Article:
What is a novel invention?
Patent novelty refers to the uniqueness of an invention. To be patentable, an invention must be both novel and nonobvious. An invention is novel if it cannot be found in a prior art reference. In other words, an invention is not novel if all the claimed features can be found in a single prior art patent or product.
Need to file a novel and nonobvious patent application? Call Vic at (949) 223-9623 or email email@example.com to explore next steps and flat rates for filing your patent.
How does a patent examiner determine novelty?
Two critical pieces of information must be analyzed to determine novelty:
- patent claim(s); and
- prior art.
When a patent examiner assesses the potential novelty of a claim in a patent application, the examiner compares what is recited in that claim to the prior art. If the examiner can find all the claimed features in a single prior art patent, for example, the claim will be rejected as being “anticipated” by the prior art reference.
What is anticipation or lack of novelty?
Anticipation is the opposite of novelty. If a patent examiner believes that a single prior art reference shows all components of a particular claim (aka “claim limitations” or “claim elements”), the examiner will issue an Office Action stating that the claim is rejected under Section 102 as being anticipated by said prior art reference.
You may see these rejections under a heading that says Claim Rejections – 35 USC § 102. In this section, the examiner will identify the anticipated claims and the prior art reference.
For example, suppose your patent description discloses three components: A, B & C. However, your independent claim recites only A and B. If the examiner can find a prior art patent that shows both A and B, the examiner will reject this independent claim as being anticipated by the reference.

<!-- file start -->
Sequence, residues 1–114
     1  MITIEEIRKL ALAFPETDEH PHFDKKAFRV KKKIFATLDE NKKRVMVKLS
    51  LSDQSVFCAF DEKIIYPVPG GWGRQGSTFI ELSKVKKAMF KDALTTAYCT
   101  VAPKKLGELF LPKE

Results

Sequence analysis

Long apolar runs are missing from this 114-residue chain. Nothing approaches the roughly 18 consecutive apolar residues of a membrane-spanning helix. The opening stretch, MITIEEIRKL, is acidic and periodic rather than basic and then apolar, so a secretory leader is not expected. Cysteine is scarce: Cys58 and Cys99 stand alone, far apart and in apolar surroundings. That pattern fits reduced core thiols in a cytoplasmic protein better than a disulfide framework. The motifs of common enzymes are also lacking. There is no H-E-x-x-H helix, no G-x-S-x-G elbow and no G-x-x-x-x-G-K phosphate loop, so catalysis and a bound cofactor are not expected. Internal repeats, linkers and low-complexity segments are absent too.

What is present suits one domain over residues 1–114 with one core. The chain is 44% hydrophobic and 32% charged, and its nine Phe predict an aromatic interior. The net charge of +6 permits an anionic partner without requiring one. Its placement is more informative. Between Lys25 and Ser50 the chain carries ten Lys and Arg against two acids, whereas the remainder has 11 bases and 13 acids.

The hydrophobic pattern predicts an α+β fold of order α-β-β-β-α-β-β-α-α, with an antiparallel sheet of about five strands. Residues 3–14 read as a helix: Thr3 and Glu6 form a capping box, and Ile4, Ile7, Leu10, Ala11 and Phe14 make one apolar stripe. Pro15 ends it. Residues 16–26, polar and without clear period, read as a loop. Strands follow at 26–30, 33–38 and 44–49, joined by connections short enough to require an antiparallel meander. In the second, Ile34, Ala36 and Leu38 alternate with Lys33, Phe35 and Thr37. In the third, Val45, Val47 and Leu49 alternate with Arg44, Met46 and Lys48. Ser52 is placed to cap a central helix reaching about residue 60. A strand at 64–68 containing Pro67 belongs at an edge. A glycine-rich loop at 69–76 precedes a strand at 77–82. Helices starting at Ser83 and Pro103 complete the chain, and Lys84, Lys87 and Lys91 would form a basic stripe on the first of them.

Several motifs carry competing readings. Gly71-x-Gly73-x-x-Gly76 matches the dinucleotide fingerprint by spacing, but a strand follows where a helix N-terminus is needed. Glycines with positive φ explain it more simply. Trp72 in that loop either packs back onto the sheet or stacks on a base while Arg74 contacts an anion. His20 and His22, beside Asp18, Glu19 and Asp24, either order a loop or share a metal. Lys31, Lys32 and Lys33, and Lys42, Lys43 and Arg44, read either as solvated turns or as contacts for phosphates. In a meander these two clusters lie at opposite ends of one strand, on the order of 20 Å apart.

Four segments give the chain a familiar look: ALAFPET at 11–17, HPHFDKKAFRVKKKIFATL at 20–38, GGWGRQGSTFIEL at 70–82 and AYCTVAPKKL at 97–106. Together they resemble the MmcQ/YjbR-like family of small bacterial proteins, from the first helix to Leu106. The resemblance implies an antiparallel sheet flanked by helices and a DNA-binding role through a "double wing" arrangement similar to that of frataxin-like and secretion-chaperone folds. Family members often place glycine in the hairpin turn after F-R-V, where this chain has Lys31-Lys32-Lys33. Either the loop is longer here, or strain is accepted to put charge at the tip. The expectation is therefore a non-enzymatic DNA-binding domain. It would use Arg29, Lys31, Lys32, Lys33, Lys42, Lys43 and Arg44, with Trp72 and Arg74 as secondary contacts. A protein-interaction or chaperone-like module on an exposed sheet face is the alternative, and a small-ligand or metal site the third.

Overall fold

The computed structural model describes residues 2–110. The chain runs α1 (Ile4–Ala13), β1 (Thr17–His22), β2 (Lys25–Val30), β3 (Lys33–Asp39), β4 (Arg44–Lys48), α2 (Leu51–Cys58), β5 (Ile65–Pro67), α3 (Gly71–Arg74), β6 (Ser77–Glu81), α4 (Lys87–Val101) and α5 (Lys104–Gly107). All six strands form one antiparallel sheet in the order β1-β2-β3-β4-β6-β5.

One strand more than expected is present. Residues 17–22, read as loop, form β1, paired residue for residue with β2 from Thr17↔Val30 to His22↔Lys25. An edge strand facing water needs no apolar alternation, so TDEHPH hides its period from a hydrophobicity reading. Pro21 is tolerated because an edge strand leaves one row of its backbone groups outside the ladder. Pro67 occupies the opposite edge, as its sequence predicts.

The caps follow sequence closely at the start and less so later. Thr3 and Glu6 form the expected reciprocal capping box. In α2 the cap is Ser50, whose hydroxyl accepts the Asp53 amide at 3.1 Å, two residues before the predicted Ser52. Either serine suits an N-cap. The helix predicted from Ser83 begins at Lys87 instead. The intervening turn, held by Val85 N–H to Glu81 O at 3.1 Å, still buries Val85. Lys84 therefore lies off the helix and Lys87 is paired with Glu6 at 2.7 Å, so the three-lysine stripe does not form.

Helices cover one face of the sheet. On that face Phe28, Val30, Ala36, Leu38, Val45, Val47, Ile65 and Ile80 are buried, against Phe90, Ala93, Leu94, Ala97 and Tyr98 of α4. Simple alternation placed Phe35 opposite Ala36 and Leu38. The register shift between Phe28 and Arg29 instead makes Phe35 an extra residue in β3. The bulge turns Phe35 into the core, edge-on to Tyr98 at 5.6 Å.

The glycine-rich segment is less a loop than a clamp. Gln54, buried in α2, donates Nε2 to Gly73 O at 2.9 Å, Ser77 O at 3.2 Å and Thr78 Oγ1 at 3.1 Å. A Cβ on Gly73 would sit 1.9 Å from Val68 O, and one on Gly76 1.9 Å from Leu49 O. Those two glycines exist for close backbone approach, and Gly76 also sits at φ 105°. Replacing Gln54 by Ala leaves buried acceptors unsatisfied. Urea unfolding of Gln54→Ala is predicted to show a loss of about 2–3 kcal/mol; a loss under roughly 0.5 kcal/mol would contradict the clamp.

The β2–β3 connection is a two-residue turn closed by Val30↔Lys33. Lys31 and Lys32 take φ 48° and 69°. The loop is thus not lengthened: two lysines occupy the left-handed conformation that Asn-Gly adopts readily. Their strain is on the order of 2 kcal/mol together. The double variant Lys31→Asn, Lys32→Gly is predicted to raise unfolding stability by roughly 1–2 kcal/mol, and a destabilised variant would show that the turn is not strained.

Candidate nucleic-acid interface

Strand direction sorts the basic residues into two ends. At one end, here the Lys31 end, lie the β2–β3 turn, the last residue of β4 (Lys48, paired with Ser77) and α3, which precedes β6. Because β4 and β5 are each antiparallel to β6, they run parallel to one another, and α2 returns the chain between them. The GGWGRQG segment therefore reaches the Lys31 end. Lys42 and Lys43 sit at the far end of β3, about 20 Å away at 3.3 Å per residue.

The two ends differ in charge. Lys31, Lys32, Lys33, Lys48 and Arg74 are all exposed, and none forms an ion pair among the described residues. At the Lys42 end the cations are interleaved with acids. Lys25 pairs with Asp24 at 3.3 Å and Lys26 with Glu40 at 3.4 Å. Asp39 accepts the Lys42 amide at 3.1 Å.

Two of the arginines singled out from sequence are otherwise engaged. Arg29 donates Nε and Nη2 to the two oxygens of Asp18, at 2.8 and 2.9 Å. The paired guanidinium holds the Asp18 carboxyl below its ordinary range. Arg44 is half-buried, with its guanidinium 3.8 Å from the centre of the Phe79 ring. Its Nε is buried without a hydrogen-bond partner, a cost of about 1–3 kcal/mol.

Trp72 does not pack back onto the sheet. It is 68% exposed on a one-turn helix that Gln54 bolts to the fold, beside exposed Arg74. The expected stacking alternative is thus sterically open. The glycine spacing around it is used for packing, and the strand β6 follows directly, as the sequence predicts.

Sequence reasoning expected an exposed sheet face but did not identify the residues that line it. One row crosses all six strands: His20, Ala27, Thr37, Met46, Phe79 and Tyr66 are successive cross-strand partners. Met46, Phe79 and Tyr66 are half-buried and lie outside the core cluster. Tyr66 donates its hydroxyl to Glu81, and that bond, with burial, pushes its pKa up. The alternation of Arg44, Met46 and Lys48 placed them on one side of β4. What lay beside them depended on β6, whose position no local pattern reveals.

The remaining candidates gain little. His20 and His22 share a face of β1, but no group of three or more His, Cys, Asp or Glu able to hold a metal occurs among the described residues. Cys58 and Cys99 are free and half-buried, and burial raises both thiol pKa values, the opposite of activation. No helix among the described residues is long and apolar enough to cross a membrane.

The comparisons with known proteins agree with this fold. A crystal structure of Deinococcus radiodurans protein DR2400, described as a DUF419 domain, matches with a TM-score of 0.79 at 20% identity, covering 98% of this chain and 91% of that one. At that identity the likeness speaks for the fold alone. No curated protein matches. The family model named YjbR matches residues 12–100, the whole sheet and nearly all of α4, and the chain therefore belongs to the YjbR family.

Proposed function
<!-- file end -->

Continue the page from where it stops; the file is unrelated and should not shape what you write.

Anticipation thus requires that all elements in a claim are found in a single piece of prior art.
How to Argue Against a 35 USC Section 102 Rejection
To respond to a Section 102 rejection, you can argue that the prior art reference does not show all the claimed elements seen by the examiner. In our above example, the applicant could argue that the prior art patent shows only A, but not B.
Patent examiners, however, will typically be unconvinced by conclusory statements. Therefore, the applicant should elaborate on why the prior art reference fails to show a particular claim element. The focus should be on technical arguments, not legal citations. It may help to explain that what the examiner sees as element B is, in fact, something entirely different.
Another option is to amend the claim. An applicant can amend a claim to clarify an element, add a new element or do both.
In our example above, if the cited prior art patent fails to disclose C, the applicant can amend the claim to recite ABC. The response should remarks pointing out why C is missing in the prior art patent.
Novelty Search: Anticipating Anticipation
Also known as a novelty search, a patentability search help to identify potential anticipatory prior art references. While a novelty search does not guarantee the grant of a patent, it can help you make an informed decision on whether or not to apply for a patent.
Novelty searches also enable better claims to be submitted with the initial filing of a nonprovisional application. Better claims upfront can reduce the risk of a Section 102 rejection in a first Office Action.
For example, if a search uncovers a prior art publication that already teaches AB, then it wouldn’t make sense to submit an independent claim reciting AB alone. Knowledge of the prior art enables the patent attorney to start off with claims that recite a combination of elements not found in the search (e.g., ABC).
Not sure if your invention is novel?
Email US patent attorney Vic Lin at firstname.lastname@example.org or call (949) 223-9623 to explore whether your invention is novel and possibly patentable. Our firm charges flat rates for filing patent applications.
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